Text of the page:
Randy Johnson Books


Hiking England's Peaks and Lakes

Weekend Breakaway
By Randy Johnson
Hemispheres Magazine, August 2008.
England’s Dazzling Districts
Take your pick of lakes or peaks for active outings from Manchester.
It’s an easy train ride from the business hub of England’s northwest to outdoor adventure—but the options can take a bit of sorting out. First, the moody, memorable landscapes of the Peak District don’t really include very high peaks. (And the Lake District—yes, has lakes—but is really home to England’s highest peaks.) Head to Peak District summits and you’ll find they’re flat plateaus topped by mysterious moors. Below, sharp stream drainages drop from crags to fertile, sheep-dotted valleys. The Pennine Way, England’s first “long distance” trail (429 kilometres, 268 miles), starts in tiny Edale, just 45 minutes from Manchester’s Piccadilly Station. Stop in at the new Moorland Centre visitors facility, grab a map, and head left at the Old Nag’s Head Pub for an easy out-and-back stroll on the Pennine Way or stay straight up the wild valley for a longer, strenuous circle on the high moors of Kinder Scout. Picnic while you ponder map sites like “grouse butts,” “fox holes,” “sheep folds,” plus the stray “Druid’s stone.” More intrigued by the poetry of lakes, and higher peaks to boot? Follow Wordsworth, Coleridge, and Robert Southey to the Lakes District. It’s a far faster, fancier train to picturesque Windermere (nearly 2 hours from Manchester Piccadilly). Wander down high street, cross the cable ferry, and turn right for an out-and-back lakeshore stroll through lush ferns and towering trees with a gnarled, literary bent. Best option? Peek at the peaks from Orrest Head, an easy walk from the Tourist Information Centre by the train station. Buy the hike brochure for 60p and wind your way past rock walls and an inquisitive donkey to open views. Retrace your route, or keep on. The entire loop is 2 hours and 2 1/2 miles—through England’s most storied landscape.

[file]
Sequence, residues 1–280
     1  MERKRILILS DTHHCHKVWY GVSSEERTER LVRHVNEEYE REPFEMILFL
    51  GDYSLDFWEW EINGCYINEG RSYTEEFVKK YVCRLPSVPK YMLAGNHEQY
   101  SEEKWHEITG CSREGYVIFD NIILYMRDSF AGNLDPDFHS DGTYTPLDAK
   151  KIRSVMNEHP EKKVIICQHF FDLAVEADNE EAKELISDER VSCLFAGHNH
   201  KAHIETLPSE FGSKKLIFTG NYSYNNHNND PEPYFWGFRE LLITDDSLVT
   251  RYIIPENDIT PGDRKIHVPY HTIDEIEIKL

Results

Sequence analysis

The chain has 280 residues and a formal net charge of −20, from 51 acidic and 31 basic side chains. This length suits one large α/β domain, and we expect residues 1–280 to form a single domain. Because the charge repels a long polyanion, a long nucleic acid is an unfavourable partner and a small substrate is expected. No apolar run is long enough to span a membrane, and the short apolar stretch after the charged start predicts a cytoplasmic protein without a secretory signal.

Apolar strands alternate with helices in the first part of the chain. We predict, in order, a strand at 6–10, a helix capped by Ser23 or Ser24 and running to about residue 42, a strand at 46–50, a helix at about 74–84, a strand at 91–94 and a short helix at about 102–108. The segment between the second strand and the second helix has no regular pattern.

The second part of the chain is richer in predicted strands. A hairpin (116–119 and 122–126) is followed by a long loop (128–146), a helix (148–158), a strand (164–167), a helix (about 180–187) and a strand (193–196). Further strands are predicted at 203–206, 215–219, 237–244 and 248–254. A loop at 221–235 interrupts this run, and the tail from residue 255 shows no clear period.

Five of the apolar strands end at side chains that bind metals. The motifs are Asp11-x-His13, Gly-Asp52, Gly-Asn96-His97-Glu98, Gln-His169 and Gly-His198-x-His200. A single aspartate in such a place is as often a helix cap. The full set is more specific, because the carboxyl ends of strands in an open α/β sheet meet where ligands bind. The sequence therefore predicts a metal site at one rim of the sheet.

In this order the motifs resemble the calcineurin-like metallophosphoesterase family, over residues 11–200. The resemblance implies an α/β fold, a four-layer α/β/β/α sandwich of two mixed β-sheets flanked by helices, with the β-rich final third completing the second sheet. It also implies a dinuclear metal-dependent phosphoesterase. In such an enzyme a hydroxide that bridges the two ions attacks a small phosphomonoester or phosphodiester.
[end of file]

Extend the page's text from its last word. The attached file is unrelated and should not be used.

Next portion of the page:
Choose Your Entrance
For the post-hike peckish, there’s no better pause than the Old Nag’s Head on the way down to the train in Edale. One of England’s oldest pubs and a landmark since 1577, it’s the “official start” of the Pennine Way. Don’t be put off by the two entrances—one marked “Hiker’s Bar,” the other signed “Local’s Bar.” Everyone’s welcome through either door at this friendly, richly atmospheric, and cozy old eating and drinking spot. This is hearty, filling fare, so the “Filled Jacket Potatoes,” with five stuffings (among them Prawns Marie Rose, English Cheddar, and baked beans) are not at all for a stuffed shirt sort of patron. Weekend hikers will love the traditional Sunday roast, or choose from vegetarian dishes, burgers, salads, and traditional main courses. Out back, the inn’s Grindsbrook and Kinder Cottages are 16th century accommodations that make the perfect base for exploring. Tel: 44-1-433-670291.


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